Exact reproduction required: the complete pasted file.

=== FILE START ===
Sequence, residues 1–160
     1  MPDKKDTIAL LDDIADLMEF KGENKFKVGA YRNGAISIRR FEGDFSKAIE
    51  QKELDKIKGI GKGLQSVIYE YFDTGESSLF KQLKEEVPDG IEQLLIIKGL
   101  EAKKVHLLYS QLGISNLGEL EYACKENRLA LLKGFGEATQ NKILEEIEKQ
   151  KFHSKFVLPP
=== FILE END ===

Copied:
Sequence, residues 1–160
     1  MPDKKDTIAL LDDIADLMEF KGENKFKVGA YRNGAISIRR FEGDFSKAIE
    51  QKELDKIKGI GKGLQSVIYE YFDTGESSLF KQLKEEVPDG IEQLLIIKGL
   101  EAKKVHLLYS QLGISNLGEL EYACKENRLA LLKGFGEATQ NKILEEIEKQ
   151  KFHSKFVLPP